The History of the Wheel

A wheel plays a big role in the mode of transport and transportation. Before the invention of the wheel, humans used animals to pull loads. In the American Indians, for example, weights were placed on a wooden frame, forming the letter "A", which was tied with leather straps to the body of a dog or ox. The French who came to America called this load frame travois.

However, in truth, the wheel was already used by the Aztecs in Mexico but more to make pottery toys, not part of a means of transportation. The Mesopotamians also made pots and bowls from clay that were shaped on wheels that were turned by hand. 

The need for more efficient modes of transportation and transportation then led humans to the creation of the wheel. 

Wooden Beam Wheel

To move heavier loads, humans use the technique of dragging loads. Solid wood beams are chosen as the base to shift heavy loads, such as large stones. The ancient Egyptians did this when building the pyramids, 4000-3000 BC. Several wooden blocks are placed under load. When the load is pulled forward by animal power, the beam that has been passed is immediately transferred to the front. And so on until the load reaches the desired location. 

Fluted Wooden Wheel

Not only relying on wooden blocks as a base, humans also began to use a kind of sled. Whole wooden beams are still used, laid longitudinally under the carriage. To keep the carriage in place, make notches in the wooden beams. From here the forerunner to the use of wheels as well as a load carriage. Developed around 3500-3000 BC, the Sumerians are thought to have developed this chariot. They, like the discovery of a chariot in the Puabi tomb complex in the area of Ur, made simple vehicles with two and four wheels. 

Wooden Axle 

By making notches on the wooden block, it is hoped that the wheels can move at the same speed. But it turns out that the wooden wheel can't roll or turn perfectly, often it just slips. Then the notch is expanded to form like an axle or connecting two wheels.


Because the wheels that are attached to the axle have a weakness, the idea came up to separate them. The wheel is made of wood in the shape of a circle. In the middle provided a hole as a shaft. In order to keep the wheels from being separated from the axle, a kind of peg is installed at the end of the axle. These wheels are very thick and heavy, and can not go fast. The ancient Romans called this model, which was used as an agricultural wagon, the tympani. Told, when Julius Caesar entered the mainland of England, around 55 BC, he found a painting that shows the ancient British society has used this form of wheel model on his chariot.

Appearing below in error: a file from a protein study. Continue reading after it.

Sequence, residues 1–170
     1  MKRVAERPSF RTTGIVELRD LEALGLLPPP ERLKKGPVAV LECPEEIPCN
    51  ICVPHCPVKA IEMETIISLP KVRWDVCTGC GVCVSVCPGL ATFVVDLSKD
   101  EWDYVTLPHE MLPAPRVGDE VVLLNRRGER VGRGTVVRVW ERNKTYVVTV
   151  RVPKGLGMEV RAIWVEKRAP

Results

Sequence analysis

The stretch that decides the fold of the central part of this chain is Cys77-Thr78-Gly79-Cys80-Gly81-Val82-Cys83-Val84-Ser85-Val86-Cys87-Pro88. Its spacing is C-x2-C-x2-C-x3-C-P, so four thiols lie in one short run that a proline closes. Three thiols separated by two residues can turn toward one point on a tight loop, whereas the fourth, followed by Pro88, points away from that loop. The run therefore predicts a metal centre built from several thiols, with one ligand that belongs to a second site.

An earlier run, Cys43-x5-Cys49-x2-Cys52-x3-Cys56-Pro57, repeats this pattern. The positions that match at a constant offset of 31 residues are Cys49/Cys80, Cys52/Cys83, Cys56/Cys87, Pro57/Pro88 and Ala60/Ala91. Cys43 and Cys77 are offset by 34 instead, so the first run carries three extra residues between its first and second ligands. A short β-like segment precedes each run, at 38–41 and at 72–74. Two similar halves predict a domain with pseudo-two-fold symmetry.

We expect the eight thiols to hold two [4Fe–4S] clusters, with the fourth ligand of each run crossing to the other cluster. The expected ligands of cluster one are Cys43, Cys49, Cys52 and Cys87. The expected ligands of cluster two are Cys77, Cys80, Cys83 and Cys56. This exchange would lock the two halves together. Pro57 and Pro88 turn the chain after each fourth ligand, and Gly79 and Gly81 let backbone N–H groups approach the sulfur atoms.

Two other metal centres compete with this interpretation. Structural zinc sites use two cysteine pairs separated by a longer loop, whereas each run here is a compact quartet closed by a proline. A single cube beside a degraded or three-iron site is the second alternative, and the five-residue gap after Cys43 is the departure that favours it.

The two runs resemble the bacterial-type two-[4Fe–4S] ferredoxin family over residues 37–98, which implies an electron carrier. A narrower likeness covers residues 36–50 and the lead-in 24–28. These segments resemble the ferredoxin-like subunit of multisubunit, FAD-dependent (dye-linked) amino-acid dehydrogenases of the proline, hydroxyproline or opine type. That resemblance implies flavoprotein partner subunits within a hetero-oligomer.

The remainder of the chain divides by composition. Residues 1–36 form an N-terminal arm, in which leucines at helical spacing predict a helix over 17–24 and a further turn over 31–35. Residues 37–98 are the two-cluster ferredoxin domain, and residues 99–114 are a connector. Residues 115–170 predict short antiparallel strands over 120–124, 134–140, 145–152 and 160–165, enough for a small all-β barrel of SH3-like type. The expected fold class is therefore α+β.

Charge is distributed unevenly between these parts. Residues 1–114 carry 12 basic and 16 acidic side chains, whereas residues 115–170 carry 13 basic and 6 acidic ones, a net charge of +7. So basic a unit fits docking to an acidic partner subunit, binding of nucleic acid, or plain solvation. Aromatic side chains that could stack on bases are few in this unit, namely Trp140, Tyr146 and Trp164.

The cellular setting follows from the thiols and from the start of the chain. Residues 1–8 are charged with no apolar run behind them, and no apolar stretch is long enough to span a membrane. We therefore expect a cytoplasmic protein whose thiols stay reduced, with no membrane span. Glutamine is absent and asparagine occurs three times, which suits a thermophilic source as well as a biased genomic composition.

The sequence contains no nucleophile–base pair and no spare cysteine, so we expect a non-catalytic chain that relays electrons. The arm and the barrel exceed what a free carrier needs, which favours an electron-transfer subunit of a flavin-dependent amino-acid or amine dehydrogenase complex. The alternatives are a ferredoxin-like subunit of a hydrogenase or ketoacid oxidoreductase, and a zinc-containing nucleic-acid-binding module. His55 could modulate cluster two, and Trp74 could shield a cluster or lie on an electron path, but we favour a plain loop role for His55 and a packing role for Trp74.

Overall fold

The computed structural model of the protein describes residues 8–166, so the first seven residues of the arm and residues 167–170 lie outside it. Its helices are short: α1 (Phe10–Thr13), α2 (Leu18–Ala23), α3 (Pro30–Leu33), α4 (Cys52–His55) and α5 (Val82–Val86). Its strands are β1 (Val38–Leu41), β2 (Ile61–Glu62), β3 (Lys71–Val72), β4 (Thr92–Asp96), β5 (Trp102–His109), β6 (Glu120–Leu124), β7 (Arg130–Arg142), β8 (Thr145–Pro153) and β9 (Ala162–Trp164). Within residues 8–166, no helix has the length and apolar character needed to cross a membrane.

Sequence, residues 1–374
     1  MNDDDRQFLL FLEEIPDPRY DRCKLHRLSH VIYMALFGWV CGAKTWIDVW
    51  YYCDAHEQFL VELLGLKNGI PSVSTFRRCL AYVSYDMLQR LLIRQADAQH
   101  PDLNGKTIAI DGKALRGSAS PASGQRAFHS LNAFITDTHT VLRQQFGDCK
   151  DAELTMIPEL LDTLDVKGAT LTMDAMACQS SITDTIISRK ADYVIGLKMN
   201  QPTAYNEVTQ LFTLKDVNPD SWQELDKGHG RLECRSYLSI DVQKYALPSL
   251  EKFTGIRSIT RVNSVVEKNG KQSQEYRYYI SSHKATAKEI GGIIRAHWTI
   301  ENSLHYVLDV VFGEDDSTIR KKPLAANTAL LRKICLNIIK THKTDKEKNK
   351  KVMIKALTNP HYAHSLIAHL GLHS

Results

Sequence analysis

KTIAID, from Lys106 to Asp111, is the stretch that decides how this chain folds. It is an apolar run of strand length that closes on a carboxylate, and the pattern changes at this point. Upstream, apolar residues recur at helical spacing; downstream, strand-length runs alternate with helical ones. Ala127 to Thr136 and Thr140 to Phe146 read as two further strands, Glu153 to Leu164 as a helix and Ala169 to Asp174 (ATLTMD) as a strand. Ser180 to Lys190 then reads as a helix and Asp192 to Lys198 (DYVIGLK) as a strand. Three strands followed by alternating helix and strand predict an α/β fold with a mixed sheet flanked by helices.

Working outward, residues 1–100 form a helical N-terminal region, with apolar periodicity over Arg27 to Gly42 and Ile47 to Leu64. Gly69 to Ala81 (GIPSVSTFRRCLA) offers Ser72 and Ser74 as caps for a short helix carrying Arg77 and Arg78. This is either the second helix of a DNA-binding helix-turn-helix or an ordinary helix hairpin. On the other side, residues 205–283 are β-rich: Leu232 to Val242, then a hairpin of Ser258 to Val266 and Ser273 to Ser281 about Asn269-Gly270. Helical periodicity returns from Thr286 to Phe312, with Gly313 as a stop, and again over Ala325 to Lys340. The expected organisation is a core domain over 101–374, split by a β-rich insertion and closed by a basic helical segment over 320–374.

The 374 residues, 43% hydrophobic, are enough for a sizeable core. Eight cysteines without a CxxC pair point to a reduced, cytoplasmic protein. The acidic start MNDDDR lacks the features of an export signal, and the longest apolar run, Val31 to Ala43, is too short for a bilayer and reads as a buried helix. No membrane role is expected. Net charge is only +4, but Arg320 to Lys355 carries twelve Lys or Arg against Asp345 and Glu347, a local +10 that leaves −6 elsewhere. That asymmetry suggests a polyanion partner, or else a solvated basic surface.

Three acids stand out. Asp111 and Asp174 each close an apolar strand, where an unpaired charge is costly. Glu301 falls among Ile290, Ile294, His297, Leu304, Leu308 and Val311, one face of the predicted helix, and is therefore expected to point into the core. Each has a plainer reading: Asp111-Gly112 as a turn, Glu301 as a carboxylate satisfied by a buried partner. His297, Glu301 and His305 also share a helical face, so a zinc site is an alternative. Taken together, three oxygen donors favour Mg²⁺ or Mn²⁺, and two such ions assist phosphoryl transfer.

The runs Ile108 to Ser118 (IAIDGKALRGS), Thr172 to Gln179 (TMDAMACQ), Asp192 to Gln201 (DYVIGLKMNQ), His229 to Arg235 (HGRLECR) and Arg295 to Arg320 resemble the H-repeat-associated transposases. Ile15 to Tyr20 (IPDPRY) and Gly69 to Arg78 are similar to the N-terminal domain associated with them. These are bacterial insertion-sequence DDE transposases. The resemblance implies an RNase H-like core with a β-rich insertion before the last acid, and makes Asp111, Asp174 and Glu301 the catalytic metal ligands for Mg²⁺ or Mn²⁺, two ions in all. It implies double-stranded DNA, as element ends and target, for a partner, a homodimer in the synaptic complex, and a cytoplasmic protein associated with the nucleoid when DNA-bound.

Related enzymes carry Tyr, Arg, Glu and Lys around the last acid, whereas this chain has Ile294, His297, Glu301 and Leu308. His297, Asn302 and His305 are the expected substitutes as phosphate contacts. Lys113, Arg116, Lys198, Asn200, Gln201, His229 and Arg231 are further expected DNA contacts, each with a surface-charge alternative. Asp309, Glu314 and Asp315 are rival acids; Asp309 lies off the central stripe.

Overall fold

Wheel Rims

Wood is the main material for making rims, wheel axles, and pegs. However, this model makes a squeaky sound. To reduce the noise, the wheel axle is coated in copper and bronze. For a long time, wooden rims were still used. Around 1000 BC, metal rims, such as on the Celtic chariots, came into use. Celtic, put into use.


In ancient Egyptian tombs, chariots are depicted. At the wheel, the wheel axis looks long and slender. The shape of the bars looks light and artistic. The rim is one with the bars. Egyptian chariots, circa 2000 BC, had six spokes, while freight chariots had four. The invention of the spokes made the wheels lighter and easier to maneuver for the chariots. 

The shape of the spokes did not develop until in 1802 GF Bauer registered his invention in the form of an arrangement of many grate wires connecting the rim to the wheel axle. In 1874, James Starley of England developed it. The spokes are mounted crosswise, tangent to each other, which makes the wheel sturdier. 

Wheel Coating

The wooden wheels were originally given a layer of metal attached to the rim. The installation was carried out by a blacksmith. After the metal is completely attached, some parts are nailed so they don't come off. In addition, in some places, a metal plate is attached to prevent the tire from slipping off the rim. 

Rubber tire

Around 1839, Charles Goodyear, a bankrupt farm tool shop owner, introduced the technique of vulcanization to process rubber into tires or wheel guards. After solid tires were used as wheel liners, Robert William Thomson, a young Scottish engineer, introduced air-filled tires in 1847. The air tires were mounted on the wheels of horse-drawn carts. As a result, the speed of the train is almost without shaking. Then, for the first time, air-filled tires for car wheels were introduced by Andre and Eduard Michelin, both businessmen from France, in 1895. The wheels became even more comfortable to roll.